Self interest driving SDG selection
Business see their greatest impact and opportunity in areas that will help drive their own business growth. When business profits from solving social problems, when it makes profit while benefitting society and business performance simultaneously, it creates solutions that are scalable. Should we question the motives of business if their activity and ingenuity works to benefit of society? Enlightened self-interest focused on the SDGs could generate tangible results.
Business set to cherry pick the SDGs
It’s clear that business doesn’t intend to assess its impact across all the SDGs, its plan is to look at those relevant to their business or a sub set of these. How will they choose? It’s less about picking the easiest, most obvious or positive ones, and more about picking the ones that are material to the business or have the greatest negative impact.
SDGs set to get left out in the cold
Some SDGs don’t make it onto the radar – business doesn’t register they have an impact on them or see an opportunity. If business ‘cherry picks’ a small number of SDGs, some SDGs eg. SDG 14 (Life below water) will have few business driven initiatives to make change.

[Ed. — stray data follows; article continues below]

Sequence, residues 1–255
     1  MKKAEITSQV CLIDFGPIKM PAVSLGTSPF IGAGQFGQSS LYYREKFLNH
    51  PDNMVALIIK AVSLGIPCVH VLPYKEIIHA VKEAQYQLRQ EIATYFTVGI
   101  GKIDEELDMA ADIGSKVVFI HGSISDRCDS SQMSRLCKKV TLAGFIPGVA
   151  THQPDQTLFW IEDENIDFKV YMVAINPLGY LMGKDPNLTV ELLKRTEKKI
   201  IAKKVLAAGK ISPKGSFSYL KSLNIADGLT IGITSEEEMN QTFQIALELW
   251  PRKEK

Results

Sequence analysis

Don't forget the people perspective
Citizens get the significance of the SDGs – these are business’ employees and customers. It’s a reason for business to take action and gives credibility to the business case.
Are corporates and citizens on the same wavelength
Citizens and corporates won’t be focused on the same things. Business doesn’t see opportunity where citizens see importance – SDG 13 (Climate action) is the only SDG that features in the top five for both.
Speeding up embedding
Many businesses have already started planning for the SDGs, but ambitions for the next five years aren’t ground breaking. By 2020, only 30% expect to have identified the tools they need to assess their impact and 40% think they won’t even have identified which SDGs are relevant to their business. But reassuringly, only 9% say they’ll be doing nothing.